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December 20 – January 11, 2013



Back to basics

LAST week, I noted that the negative impacts of corruption are not merely financial, but are also economic, moral, and social. Feedback since the publication of that article has shed new light on the issue – a wide view of the entire dynamic of the problem that has held the Turks and Caicos Islands in its eroding grip. What I was told was that the age old problem of the Caicos Islands being treated as separate from the Turks Islands created



a need for empowerment of Caicos Islands’ residents, which was done. However, somewhere along the line, the availability of opportunities to persons who worked hard to get it, a merit-based system, withered down to opportunities for work and study abroad being given on a shallower basis. After the holidays have ended and the New Year begins its approach, people begin making their resolutions. As a country, what is becoming

clearer is that after another Commission of Inquiry, three years of interim administration rule and the final return to democratic rule, the Islands and its people need to get back to basics. Leader of the People’s Democratic Movement (PDM), Sharlene Cartwright-Robinson, told the Weekly News that her party will soon be pushing a campaign called ‘Back to Our Roots’. She said, “There needs to be that understanding, especially among our


A series that seeks to engage the people of the Turks and Caicos Islands on issues and act as a medium through which they can hear from prominent personalities on current concerns, including on politics, development and the environment, among others.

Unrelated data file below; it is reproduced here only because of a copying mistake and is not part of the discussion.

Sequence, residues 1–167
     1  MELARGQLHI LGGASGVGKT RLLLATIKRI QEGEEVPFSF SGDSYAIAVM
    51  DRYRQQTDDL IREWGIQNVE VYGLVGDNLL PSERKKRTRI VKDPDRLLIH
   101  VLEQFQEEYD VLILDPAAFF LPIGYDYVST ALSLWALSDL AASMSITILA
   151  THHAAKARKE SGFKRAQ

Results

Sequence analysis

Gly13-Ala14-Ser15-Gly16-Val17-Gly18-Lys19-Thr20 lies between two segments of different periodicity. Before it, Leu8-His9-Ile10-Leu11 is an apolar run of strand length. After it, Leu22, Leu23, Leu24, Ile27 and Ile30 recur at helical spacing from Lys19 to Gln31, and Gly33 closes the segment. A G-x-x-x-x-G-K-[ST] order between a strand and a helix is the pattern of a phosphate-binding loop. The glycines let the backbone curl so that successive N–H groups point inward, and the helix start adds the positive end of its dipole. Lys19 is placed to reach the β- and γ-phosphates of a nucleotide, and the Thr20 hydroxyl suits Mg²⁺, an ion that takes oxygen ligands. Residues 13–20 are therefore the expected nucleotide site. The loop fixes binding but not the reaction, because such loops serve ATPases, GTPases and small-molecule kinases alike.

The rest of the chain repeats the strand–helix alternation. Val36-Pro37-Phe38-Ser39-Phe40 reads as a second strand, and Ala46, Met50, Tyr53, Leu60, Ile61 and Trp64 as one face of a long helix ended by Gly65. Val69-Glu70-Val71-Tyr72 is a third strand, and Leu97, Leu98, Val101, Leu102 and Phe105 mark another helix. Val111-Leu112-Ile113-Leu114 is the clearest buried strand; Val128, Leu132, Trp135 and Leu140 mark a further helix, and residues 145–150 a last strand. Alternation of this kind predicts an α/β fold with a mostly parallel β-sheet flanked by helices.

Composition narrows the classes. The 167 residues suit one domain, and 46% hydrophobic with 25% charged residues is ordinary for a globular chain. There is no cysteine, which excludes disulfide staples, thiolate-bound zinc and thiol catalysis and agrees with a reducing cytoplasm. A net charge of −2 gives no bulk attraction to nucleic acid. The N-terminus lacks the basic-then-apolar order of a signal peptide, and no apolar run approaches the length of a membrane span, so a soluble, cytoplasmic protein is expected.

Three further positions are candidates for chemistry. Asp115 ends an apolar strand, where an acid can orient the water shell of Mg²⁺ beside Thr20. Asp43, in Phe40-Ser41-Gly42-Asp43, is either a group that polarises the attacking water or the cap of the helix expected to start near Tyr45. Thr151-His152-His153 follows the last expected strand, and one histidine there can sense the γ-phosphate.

young people, that Turks and Caicos Islanders have always had to work hard, from the salt industry to the fishing industry. “Our children have been exposed to a ‘get rich quick’ mentality that will take forever to reverse, but it is something that we will have to do.” The impacts of such a campaign, hopefully positive, are still to be seen. Acclaimed philosopher Aristotle’s claim that living things having “a principle of change and staying unchanged” (cited in Wiggins, 1980, p.88- 89) is a natural paradox of human life. Over the course of development, individuals must come to understand the inherent contradiction that we

are “as we were, and yet different” (Hermans & Salgado, 2005, p.10). The understanding of this paradox is a personal and collective imperative: without links to who you were and who you will be, life would lose meaning, future planning would make no sense, and because no one could be held accountable for their past actions, society would cease to function (Chandler, Lalonde, Sokol, & Hallett, 2003). What is clear is that while some people need to get back to their roots, there are many Turks and Caicos Islanders who never left them.